Synopses & Reviews
Shes not just a random homeless girl. Lorelei is street smart, elusive and manipulative. Shes a survivor, always on the move. Always one step ahead of the danger in her past.
Emilys a hard-partying bartender in downtown Austin with problems of her own. When she meets a handsome reporter looking for a photographer, Emily volunteers her camera skills. As she follows him into the sordid world of gutter punks, Emily finds an unexpected friendship that will redefine her life.
But Emily realizes too late that each of her attempts to help only puts her new friend in ever increasing peril. Can she unravel the mystery of Loreleis past and find a way to protect her? Or would the girl be better off unknown and on her own?
Anonymity is a gritty, harrowing account of young people who live life on the edge when all they really want is a safe place to call home.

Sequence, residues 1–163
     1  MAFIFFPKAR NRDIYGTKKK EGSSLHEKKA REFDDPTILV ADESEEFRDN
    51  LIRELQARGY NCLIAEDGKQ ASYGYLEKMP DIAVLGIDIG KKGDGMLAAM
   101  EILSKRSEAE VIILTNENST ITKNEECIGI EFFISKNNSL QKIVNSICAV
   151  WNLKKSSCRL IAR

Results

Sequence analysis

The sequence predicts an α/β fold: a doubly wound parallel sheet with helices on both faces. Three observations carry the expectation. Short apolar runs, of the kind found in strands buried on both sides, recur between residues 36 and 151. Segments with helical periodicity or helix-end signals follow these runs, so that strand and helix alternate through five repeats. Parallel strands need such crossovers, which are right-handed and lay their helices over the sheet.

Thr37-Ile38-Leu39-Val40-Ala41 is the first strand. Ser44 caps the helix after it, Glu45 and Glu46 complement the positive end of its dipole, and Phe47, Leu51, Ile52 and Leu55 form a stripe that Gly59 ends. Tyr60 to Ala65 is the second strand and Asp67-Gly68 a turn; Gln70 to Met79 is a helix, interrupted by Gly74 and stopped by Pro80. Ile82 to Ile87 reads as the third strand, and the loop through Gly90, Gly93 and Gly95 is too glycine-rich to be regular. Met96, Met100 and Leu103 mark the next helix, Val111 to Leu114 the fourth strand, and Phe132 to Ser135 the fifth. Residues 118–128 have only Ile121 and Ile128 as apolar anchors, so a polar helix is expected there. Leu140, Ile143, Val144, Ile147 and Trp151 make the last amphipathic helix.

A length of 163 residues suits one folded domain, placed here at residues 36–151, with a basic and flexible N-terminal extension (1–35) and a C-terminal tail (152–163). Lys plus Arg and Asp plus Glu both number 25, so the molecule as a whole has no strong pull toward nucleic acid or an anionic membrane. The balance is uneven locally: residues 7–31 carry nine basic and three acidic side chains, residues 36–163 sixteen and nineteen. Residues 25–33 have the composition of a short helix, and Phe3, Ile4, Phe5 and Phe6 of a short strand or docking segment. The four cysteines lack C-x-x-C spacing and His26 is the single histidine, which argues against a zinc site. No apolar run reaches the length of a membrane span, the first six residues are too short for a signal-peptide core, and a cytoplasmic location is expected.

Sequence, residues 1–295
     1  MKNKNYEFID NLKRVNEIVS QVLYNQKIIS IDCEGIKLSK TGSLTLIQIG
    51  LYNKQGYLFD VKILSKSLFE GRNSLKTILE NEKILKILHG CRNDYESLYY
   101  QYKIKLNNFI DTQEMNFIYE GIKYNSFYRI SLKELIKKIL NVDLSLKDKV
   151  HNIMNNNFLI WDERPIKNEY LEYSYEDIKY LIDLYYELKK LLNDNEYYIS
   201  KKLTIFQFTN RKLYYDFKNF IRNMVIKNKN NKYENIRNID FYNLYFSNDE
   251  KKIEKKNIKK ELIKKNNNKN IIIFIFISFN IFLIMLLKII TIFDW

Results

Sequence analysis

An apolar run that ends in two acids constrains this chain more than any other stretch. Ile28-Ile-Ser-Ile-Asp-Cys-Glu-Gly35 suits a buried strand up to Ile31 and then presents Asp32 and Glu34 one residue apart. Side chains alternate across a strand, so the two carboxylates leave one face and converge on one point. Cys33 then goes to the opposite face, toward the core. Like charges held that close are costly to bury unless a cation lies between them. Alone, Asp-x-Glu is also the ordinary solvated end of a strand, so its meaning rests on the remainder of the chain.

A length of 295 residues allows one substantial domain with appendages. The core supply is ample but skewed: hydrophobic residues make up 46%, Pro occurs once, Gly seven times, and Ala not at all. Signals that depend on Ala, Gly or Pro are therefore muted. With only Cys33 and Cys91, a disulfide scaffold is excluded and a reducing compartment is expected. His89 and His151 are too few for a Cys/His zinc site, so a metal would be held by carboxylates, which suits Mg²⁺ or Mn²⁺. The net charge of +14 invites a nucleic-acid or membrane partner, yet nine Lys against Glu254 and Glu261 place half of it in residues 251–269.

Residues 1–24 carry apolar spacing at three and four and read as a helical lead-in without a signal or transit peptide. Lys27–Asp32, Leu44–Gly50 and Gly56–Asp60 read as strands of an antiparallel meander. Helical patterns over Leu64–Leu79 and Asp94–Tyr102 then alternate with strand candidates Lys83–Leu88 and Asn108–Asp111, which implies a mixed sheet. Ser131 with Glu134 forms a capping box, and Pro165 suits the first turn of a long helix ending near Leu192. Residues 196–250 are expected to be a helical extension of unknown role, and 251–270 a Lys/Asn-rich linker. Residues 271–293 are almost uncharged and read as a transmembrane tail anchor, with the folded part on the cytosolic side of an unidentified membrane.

is an insightful and compelling novel of young people adrift on the streets of Austin, Texas. Janna McMahan’s new novel is her best yet and will no doubt find a wide and appreciative audience.--Ron Rash, New York Times
bestselling author of Serena
and Burning Bright
, SIBA 2010 Book of the Year.
brings to life the gritty, harsh realities of life on the streets. Janna McMahan skillfully juxtaposes compassion and heartlessness, entitlement and helplessness. Though set in Austin, be mindful this story could be set in your city.--Mary Alice Monroe, New York Times
bestselling author of The Butterfly’s Daughter
“Janna McMahan is a writer who knows how to get out of the way and let the story rip.”
--Lee Smith, New York Times bestselling author of On Agate Hill
Anonymity is the story of Lorelei, a girl running from a mysterious past, who survives life on the streets through cunning and resourcefulness.